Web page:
Working from home for the long-term is a very real prospect
6 months ago everyone who could work from home in the UK, started doing so, without a clue of how long it would last.
Not long after I wrote a blog to share some of the pitfalls associated with working from home (i.e. you work longer hours than your office based colleagues!), along with plenty of hints and tips for making it work for you.
You can take a peek at that one here >>> Getting Used To Working From Home
Times have certainly moved on from then, and I felt it was time for an update.
Without the right strategies in place, you can become ripe for burnout, and none of us want that!
We had a little taste of the office again
For a short while, people were returning to the office, even if only on a part-time basis, and they were loving it. Human connection and office banter was restored, along with escaping the kitchen table (and the house) for a while.
But it was short-lived, and as UK COVID-related restrictions kick in for the autumn/winter, it does appear as though we’re in this for the long haul. Working from home is here to stay for an enormous amount of people.
I can hear the groans country-wide!
But despair not, there are advantages to be had.
We have already proven we are creative and resilient
Throughout the pandemic I’ve worked with teams and individuals, helping them adjust to the challenges they faced in their unique circumstances of working from home, often with young children in tow.
It’s undoubtedly been one of the toughest professional experiences for many
But let me tell you, when the chips are down, people really know how to step up and get creative. The strategies they have come up with for surviving (maybe even enjoying) long-term working from home are awesome and I wanted to share these with you.
Working from home – the very real challenges
Yes, some people thrive working from home (myself included), but for many people, there is a whole range of challenges – practical and emotional. Such as …
- Wondering if you have the right tech and whether the wi-fi will be reliable enough
- Struggling with physical space and the furniture you need – offices have ergonomic chairs for a reason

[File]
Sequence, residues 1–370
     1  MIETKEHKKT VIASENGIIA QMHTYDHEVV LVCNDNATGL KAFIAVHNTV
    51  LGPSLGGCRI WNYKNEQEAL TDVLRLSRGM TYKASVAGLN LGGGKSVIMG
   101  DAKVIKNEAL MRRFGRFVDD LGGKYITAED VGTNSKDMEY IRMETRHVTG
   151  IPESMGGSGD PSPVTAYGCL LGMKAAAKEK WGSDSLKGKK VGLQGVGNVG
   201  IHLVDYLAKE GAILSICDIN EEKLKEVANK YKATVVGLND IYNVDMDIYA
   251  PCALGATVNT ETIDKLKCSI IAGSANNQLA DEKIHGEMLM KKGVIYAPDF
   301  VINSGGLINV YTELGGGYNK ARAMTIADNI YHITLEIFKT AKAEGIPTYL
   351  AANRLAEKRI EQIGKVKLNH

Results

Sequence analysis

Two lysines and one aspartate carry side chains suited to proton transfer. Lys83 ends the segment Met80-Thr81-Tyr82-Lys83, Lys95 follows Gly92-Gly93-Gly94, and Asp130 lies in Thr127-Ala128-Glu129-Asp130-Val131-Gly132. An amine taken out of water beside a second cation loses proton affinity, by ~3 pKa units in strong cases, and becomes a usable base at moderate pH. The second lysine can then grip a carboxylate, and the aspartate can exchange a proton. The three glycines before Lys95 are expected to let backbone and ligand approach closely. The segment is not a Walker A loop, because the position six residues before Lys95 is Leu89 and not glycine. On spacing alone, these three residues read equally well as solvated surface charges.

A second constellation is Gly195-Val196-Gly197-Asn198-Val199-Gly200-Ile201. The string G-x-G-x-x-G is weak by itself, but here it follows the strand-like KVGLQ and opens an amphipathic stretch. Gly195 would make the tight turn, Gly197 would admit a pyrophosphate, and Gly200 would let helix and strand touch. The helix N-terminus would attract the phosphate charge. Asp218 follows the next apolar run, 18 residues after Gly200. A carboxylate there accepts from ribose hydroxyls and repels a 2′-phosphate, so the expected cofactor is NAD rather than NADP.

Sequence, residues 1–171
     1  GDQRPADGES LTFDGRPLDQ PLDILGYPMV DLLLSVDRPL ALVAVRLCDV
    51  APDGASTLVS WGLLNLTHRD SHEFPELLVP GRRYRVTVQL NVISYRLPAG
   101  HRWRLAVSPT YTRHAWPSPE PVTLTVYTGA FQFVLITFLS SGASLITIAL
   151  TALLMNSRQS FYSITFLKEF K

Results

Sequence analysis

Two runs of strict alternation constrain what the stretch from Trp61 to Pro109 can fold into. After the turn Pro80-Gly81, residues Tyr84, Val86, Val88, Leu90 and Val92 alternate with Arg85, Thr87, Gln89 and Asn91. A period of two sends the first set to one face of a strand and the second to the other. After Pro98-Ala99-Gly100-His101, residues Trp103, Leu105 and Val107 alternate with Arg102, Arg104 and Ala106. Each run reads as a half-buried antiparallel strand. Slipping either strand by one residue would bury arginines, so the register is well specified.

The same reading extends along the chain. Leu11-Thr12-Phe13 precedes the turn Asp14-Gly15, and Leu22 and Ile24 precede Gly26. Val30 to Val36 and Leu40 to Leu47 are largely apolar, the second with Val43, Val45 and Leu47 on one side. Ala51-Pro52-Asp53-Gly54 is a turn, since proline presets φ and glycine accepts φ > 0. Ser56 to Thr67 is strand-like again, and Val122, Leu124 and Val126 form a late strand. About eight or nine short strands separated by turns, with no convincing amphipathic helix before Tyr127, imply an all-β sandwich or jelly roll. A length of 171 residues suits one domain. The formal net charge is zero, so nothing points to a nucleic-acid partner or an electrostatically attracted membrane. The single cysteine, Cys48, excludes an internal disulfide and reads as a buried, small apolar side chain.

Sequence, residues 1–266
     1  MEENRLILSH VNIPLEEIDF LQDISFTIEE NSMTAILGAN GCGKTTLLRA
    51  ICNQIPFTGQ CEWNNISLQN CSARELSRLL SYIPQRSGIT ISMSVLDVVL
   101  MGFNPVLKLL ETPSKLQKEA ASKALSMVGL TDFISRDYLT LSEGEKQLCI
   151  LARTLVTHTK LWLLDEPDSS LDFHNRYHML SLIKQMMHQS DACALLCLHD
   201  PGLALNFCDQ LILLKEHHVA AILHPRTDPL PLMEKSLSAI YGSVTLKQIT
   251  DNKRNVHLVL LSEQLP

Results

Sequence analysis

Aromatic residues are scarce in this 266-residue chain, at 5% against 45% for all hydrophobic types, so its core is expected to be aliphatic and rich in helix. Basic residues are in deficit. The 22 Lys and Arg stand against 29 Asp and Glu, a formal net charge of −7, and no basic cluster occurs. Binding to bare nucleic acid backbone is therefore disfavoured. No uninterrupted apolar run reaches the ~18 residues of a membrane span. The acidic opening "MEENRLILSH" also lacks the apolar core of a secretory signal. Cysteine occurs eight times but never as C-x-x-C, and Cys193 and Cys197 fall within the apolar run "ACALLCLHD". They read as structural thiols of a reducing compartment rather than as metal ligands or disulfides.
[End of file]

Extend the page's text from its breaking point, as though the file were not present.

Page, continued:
- Groaning every time someone knocks at the door and disturbs you – when there’s a sign of life, people will always knock – and disruptions like this massively reduce your productivity
- The general noise and interruptions that goes with working from home, whether that’s other family members doing the same, traffic noise, or the spin of the washing machine
- That loss of connection and the office banter which can have a massive impact in so many ways, particularly our mental health
- The fact that the office is always now there, winking at you from the corner, not allowing you to fully switch off
- Feeling like you’ve lost your home, your sanctuary, and work has somehow invaded every element of your personal space
- The routine that an office life previously helped structure has completely disappeared, and that makes you less organised and productive
- The endless video calls – it was OK to start with, but now….not so much – back to back video calls are definitely exhausting and can negatively affect your performance
- And the big one, backed up by studies galore, when you work at home you work longer hours – with the boundaries blurred it’s really easy to start earlier and keep on going. And going.
The list goes on. The point is that there’s much we miss about the office, and it’s easy to fall into the common pitfalls associated with working from home.
9 ways to make working from home work for you
Taken straight from those people who have adjusted and found ways to make it work for them this year during the most challenging of times.
Stay Well Connected